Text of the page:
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NCD: Forced Drugging of Inmates 'Cruel & Unusual'

The National Council on Disability has issued a statement that stops just short of calling the forced psychiatric drugging of inmates "cruel and unusual punishment and hence unconstitutional."

Yesterday's statement is a response to the case of Texas Death Row inmate Steven Kenneth Staley, who will be physically forced to take anti-psychotic medication to make him "competent enough to be executed," following a mid-April ruling by Texas District Judge Wayne Salvant -- a ruling that came nearly two months after he stopped Staley's execution because, he said, Staley, who has been diagnosed as "a paranoid schizophrenic," was "too mentally ill" to be executed.

Texas law requires a prisoner sentenced to execution be "mentally competent."

"The whole idea of holding somebody down and injecting them so that we can then say, with a straight face, this person is now competent so we can kill them, I think that smacks of an Orwellian-Soviet-style approach to criminal justice," said Jack Strickland, Staley's attorney. "Most people, even conservatives, would find that very offensive."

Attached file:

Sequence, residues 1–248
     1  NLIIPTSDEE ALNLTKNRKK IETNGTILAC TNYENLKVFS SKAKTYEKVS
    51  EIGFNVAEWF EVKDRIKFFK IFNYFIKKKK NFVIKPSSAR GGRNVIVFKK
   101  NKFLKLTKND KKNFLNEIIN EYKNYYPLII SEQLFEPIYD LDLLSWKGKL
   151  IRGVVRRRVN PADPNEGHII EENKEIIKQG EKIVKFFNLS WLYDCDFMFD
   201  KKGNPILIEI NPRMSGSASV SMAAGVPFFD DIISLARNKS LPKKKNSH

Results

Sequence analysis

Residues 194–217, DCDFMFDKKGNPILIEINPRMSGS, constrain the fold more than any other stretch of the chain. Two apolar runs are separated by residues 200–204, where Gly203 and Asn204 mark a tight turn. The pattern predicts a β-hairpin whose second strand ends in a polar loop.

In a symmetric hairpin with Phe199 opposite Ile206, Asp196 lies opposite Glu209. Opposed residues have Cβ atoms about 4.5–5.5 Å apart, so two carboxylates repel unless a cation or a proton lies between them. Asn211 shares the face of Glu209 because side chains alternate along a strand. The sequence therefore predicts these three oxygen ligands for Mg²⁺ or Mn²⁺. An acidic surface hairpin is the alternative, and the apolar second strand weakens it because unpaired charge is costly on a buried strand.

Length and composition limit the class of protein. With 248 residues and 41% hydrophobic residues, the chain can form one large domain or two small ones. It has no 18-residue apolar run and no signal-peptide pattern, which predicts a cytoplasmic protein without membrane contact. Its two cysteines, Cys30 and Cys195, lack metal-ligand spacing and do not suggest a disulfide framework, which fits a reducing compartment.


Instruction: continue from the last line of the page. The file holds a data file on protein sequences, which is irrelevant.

According to the statement issued by NCD,

In 2003, the U.S. Circuit Court of Appeals permitted officials in Arkansas to forcibly administer medication to control an inmate’s behavior, making him “competent” enough to be executed. . . .

In Atkins v. Virginia, the U.S. Supreme Court ruled that executions of people with cognitive disabilities found guilty of a crime are “cruel and unusual punishments” prohibited by the Eighth Amendment.


Statement Regarding the Forced Drugging of a Texas Inmate with a Psychiatric Disability (NCD press release)

Report: From Privileges to Rights: People Labeled with Psychiatric Disabilities Speak for Themselves (NCD, 2000)

Forced medication ordered for Death Row inmate (Fort Worth Star-Telegram)